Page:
The circuit is a standard BEAM project built around a 74HC14, but [NanoRobotGeek] made a few changes to achieve the ideal chirp sound. As you can see in the video after the break, it chirps for around 30 seconds and then shuts off for 1-2 minutes before starting up again.
What is better than a BEAM project? A portable one, we say. Although the chirping would probably get old pretty quickly, there’s just no substitute for working so small that you can carry it around your neck and show it off.
This one is kind of a long time coming, because [NanoRobotGeek] started by breadboarding the circuit and then made a PCB version way back in 2019, which they were attempting to miniaturize with this project. We think they did a fantastic job of it, and the documentation is stellar if you are crazy enough to attempt this one. You will need a lot of blu tack and patience, and pre-tinning is your friend. Be sure to check out the demo after the break.
Postpone your holiday shopping and spend some quality time with editors Mike Szczys and Elliot Williams as they sift through the week in Hackaday. Which programming language is the greenest? How many trackballs can a mouse possibly have? And can a Bluetooth dongle run DOOM? Join us to find out!
Take a look at the links below if you want to follow along, and as always, tell us what you think about this episode in the comments!
BEAM robotics, which stands for Biology, Electronics, Aesthetics, and Mechanics, is an ethos that focuses on building robots with simple analog circuits. [NanoRobotGeek] built a great example of the form, creating a light-tracking robot that uses no batteries and no microcontrollers.
The robot aims to track the brightest source of light it can see. This is achieved by feeding signals from four photodiodes into some analog logic, which then spits out voltages to the two motors that aim the robot, guiding it towards the light. There’s also a sound-detection circuit, which prompts the robot to wiggle when it detects a whistle via an attached microphone.
The entire circuitry is free-formed using brass wire, and the result is an incredibly artful build. Displayed in a bell jar, the build looks like some delicate artifact blending the past and future. Neither steampunk nor cyberpunk, it draws from both with its combination of vintage brass and modern LEDs.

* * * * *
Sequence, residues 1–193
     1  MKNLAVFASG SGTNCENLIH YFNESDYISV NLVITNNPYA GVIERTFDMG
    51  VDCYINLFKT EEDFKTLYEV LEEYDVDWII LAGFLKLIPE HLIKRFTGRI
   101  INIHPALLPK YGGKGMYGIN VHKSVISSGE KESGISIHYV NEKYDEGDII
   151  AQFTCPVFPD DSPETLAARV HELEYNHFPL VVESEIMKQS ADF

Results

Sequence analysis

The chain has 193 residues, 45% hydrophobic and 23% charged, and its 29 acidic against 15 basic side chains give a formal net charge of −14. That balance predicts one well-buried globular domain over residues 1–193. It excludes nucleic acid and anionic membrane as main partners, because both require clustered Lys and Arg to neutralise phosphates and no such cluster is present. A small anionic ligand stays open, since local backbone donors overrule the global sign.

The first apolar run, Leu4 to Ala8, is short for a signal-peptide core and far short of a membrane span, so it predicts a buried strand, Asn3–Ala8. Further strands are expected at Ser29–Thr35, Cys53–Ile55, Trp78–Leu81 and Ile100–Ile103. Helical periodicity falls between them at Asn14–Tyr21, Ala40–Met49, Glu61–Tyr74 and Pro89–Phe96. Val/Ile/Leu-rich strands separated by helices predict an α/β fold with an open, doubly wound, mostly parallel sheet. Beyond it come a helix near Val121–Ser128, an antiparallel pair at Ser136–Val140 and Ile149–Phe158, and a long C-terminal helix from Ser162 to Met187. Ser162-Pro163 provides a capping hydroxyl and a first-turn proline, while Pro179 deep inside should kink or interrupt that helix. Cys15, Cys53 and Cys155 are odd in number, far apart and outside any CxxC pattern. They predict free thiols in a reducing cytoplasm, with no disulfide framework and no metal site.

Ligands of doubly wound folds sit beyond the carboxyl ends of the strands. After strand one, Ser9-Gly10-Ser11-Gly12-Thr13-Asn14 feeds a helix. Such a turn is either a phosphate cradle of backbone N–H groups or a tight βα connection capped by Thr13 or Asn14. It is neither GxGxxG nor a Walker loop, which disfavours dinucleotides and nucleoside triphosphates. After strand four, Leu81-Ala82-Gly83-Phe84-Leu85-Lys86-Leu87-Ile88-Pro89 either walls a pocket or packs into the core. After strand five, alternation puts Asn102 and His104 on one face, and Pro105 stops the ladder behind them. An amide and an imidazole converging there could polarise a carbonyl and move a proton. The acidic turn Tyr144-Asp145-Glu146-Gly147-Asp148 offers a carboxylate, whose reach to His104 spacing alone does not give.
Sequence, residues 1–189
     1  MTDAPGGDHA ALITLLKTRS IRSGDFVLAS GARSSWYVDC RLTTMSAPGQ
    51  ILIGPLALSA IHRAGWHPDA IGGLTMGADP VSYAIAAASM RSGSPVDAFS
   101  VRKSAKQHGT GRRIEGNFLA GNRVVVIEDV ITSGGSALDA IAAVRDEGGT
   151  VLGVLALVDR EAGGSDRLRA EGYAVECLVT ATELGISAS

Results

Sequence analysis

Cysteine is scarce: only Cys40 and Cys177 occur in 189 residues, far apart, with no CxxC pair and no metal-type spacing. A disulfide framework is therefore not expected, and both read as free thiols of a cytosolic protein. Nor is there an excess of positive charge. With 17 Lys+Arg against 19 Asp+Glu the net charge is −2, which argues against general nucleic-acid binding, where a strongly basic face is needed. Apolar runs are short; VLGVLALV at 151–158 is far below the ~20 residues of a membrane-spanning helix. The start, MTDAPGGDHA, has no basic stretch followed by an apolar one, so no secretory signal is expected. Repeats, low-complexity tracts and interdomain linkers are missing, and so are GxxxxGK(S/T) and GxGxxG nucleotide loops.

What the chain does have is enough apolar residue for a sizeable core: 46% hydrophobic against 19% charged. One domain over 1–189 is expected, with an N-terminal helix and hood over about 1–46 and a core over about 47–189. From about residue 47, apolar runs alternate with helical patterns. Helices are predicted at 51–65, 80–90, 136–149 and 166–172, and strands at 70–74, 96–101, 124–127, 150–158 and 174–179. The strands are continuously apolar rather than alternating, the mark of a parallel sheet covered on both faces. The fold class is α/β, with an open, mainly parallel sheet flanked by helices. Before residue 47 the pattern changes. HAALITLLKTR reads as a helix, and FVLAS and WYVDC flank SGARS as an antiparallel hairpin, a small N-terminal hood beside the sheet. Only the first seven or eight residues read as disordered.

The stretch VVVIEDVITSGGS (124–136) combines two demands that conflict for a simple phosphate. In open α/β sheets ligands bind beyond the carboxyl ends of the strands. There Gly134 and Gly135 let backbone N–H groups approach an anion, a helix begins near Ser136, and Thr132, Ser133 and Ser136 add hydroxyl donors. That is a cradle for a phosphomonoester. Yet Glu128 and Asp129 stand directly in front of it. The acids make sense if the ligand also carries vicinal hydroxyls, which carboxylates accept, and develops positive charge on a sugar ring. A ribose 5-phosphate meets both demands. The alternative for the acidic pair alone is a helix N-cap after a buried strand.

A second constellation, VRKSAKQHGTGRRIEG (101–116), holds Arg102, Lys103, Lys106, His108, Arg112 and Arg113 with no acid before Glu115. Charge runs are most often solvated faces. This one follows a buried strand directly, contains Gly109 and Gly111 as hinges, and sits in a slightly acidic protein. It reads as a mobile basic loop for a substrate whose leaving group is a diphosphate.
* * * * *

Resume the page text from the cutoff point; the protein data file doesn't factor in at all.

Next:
It’s a great build that reminds us of some of the great circuit sculptures we’ve seen lately. Video after the break.
This here is an example of a photovore or photopopper — it moves toward light using simple logic by charging up a capacitor and employing a voltage monitor to decide when there’s enough to run two tiny vibration motors that make up its legs and feet.
[NanoRobotGeek] started in a great place when they found these 25% efficient monocrystalline solar panels. They will even make the bot move indoors! If you want to build one of these, you can’t beat [NanoRobotGeek]’s guide. Be sure to watch it toddle around in the demo video after the break.
[Gijs Gieskes] has a long history of producing electronic art and sound contraptions, and his Zonneliedjes (sunsongs) project is certainly an entertaining perpetuation of his sonic creations. With the stated goal of making music from sunlight, the sunsongs most prominent feature is solar panels.
Although It’s not clear how the photons transform into the rhythmic crashes and random beep-boop sounds, the results are quite satisfying. We have a strong suspicion that the same principals that turn random junk into BEAM robots are at work, maybe with some circuit bending sprinkled on for good measure. One detail we were able to glean from a picture of the device he calls “mobile” was a 40106 oscillator, which [Gijs] has used in previous projects.
The construction style that [Gijs] uses reminds us of the “Manhattan” construction style the amateur radio homebrewing community favors. Squares of copper PCB are glued directly to the back of the solar cells and the circuits are built atop them. Looking carefully at the pictures we can also see what look like cutoff leads, suggesting a healthy amount of experimentation to get the desired results, which we can all relate to.
Be sure to check out the video after the break, and also [Gijs] website. He’s been hacking away at projects such as these for a very long time, and we’ve even featured his projects going back more than 15 years. Thanks for the continued hacks, [Gijs]. We look forward to seeing what you come up with next!